Typically, parents tended to overestimate intake of foods belonging to the breads and cereals, fruit, and meat/poultry/fish food groups. In this sample of children, traditional main meals usually consisted of composite dishes of multiple grains, meat and/or vegetables, and mixed fruit. In the sqFFQ, each type of rice/rice dish has a portion of ½ a bowl, while each meat item had a portion of 1 tablespoon. So, for example, if a child typically consumed ½ a bowl of rice consisting of equal amounts of two grains (brown and white rice) and ½ a tablespoon each of two meat items (pork and fish), 2–3 times a day, parents tended to place a tick in the 2–3 times a day column for each of the four items. This essentially doubled the child’s intake. Ideally, a lower frequency should have been selected to accommodate a smaller portion. This instruction was explained to parents during the initial face-to-face meeting and provided in writing, in the questionnaire. These were the kinds of responses that were flagged for review, and upon further explanation, often parents changed their response to a lower frequency to accommodate the specified portion. However, these types of instructions can be difficult to understand and a flaw of the sqFFQ design. One approach which may reduce this kind of error is to have participants choose a serving size on the FFQ, as well as a frequency, for each item. This would force participants to consider serving size, and it may minimise the need for participants to translate the child’s normal serving size and frequency into the set serving size and corresponding frequency on the FFQ. While answering two questions for each item that the child consumes may seem to increase the workload on the participant, this may in fact be easier than the present requirement.

Another approach would be to make the questionnaire interviewer-administered. It would allow a dialogue between the researcher and participant and the issue could have been addressed immediately, rather than up to two weeks after completion. This approach may not be feasible in large epidemiological studies where thousands of participants are involved. In this instance, a subsample of participants (dependant on study budget) should be interviewed for quality control purposes.

Digitalisation of the sqFFQ may also be an option, so that participants can access the questionnaire via an application on their smartphones or computer [50, 51]. This will provide the participant with a more interesting and interactive experience. For example, Chatbots could be used to clarify participants’ queries, flag unusual responses and prompt the user to think about their selection. Additionally, digital tools could potentially reduce the burden on researchers, if data entry can be replaced with nutrient intakes that are instantly calculated by the application, so that unusual nutrient intakes can be promptly identified and followed up.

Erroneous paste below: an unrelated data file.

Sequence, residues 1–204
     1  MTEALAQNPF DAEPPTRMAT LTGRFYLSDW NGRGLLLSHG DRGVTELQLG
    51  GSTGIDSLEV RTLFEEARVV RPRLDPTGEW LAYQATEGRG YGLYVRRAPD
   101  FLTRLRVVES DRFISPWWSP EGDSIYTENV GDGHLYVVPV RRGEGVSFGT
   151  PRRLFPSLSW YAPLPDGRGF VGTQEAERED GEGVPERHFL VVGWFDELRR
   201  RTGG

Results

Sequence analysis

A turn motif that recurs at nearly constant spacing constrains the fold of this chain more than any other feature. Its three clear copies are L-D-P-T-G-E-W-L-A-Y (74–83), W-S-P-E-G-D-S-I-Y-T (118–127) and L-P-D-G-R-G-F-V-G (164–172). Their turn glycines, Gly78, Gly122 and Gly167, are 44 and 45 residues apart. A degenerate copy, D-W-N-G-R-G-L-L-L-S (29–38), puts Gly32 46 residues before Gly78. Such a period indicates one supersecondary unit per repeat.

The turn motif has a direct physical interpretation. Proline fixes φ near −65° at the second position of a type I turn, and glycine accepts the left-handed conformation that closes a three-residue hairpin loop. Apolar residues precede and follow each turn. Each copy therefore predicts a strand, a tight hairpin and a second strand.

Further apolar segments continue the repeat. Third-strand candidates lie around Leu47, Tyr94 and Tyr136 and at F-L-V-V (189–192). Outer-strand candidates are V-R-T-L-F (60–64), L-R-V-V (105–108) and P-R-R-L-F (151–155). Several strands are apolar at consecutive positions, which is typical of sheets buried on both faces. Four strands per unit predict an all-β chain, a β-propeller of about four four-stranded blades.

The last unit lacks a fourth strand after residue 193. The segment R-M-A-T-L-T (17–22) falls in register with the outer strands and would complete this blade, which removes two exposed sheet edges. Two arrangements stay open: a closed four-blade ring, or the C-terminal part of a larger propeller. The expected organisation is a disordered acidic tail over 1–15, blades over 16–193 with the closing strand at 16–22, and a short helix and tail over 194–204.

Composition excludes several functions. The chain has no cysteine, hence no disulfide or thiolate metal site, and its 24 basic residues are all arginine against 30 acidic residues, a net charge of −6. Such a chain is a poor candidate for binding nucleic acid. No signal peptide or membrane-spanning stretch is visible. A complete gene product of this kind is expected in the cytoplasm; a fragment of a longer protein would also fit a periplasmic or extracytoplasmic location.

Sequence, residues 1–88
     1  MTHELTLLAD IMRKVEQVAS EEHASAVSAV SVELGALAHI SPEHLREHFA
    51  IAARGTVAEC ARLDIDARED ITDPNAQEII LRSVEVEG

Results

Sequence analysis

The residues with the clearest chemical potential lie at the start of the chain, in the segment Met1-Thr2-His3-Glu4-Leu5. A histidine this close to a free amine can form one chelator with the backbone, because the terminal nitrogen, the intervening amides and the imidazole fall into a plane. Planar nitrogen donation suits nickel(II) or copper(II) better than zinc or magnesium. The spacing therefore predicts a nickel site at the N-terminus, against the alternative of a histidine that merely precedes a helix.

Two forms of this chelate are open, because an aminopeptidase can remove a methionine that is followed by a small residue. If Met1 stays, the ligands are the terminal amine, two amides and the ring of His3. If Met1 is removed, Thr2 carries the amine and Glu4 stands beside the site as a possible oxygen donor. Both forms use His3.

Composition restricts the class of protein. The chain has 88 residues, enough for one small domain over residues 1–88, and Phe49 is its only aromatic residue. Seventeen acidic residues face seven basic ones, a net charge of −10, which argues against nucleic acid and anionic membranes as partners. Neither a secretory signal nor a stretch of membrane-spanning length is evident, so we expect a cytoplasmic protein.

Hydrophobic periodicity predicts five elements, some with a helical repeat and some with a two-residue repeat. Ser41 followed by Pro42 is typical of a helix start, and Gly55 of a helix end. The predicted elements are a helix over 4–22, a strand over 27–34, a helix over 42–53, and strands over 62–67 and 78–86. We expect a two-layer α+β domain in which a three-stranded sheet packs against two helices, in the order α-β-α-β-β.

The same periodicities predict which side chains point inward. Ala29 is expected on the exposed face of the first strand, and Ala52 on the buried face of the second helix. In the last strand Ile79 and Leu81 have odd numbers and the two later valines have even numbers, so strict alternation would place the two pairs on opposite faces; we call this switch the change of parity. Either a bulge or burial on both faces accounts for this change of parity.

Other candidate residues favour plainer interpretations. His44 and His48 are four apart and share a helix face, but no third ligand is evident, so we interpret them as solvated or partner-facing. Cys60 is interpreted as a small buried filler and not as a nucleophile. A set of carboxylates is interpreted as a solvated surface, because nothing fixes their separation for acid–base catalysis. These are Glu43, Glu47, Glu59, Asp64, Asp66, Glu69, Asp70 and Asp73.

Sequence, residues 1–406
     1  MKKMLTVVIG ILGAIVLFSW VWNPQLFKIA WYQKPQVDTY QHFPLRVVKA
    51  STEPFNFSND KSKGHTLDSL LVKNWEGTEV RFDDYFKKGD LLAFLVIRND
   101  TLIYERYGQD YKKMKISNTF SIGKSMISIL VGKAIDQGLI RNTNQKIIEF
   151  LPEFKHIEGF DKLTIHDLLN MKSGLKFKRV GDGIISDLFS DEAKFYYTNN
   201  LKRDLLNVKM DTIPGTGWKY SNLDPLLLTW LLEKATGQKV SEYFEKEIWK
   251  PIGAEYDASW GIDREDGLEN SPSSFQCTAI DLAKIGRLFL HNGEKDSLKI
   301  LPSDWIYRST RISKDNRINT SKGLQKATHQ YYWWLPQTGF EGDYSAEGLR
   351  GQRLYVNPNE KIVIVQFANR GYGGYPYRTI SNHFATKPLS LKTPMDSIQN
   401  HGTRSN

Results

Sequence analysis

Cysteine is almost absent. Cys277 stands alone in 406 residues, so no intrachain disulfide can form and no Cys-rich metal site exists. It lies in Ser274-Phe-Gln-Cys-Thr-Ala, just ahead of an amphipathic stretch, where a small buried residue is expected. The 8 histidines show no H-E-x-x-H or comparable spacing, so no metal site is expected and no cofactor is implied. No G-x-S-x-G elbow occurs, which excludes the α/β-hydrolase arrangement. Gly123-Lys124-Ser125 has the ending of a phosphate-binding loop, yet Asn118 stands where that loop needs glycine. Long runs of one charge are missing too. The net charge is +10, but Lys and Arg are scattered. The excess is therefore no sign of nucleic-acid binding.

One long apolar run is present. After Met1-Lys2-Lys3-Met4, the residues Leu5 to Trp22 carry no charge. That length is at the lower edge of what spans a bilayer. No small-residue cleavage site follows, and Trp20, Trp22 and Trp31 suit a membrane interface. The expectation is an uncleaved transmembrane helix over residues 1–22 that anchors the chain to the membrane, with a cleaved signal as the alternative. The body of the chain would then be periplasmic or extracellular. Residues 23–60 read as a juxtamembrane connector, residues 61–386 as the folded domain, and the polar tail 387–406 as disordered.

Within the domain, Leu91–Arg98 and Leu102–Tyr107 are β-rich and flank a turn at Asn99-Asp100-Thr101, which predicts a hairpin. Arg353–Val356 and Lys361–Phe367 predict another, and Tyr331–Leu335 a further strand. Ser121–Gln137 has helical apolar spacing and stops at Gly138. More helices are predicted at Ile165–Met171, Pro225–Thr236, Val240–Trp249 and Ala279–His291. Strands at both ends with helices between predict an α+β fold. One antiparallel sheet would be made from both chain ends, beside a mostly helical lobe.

Such technology will no doubt have its limits. The data would need to be reviewed for quality, as there is still reliance on the participants’ memory. Unusual responses cannot be eliminated and could potentially increase. How food portions are scaled could also be misleading [51]. The technology may not be accessible in all communities. Lastly, the time and cost invested in these technologies need to be considered as it is better suited to studies with long follow-up and frequent assessment time points.

In these analyses, it was found that total fat, SFA, MUFA, vitamin A and E had the weakest correlations and/or agreements between methods. Again, this was consistent with the literature, particularly for fats [26, 27, 48, 49]. There may be several reasons for this. Firstly, the addition of fats and oils are not typically measured during cooking. Secondly, these items are also not the main ingredient in recipes and could be subconsciously left out in recording. Lastly, such ingredients may not feature prominently in food prepared for this age group, or, food may be cooked in bulk and frozen into small portions making it very difficult to estimate how much was in each portion. Any of these reasons could create a significant discrepancy with the sqFFQ. PUFA and DHA on the other hand, were the only fatty acids to demonstrate much stronger correlations and agreements. It could be that follow-on and young child formulas (formulas for children above the age of one year) were the main contributors of DHA, and intake of this item was captured similarly by both methods. Likewise, calcium had high correlations and agreements, even before any adjustments.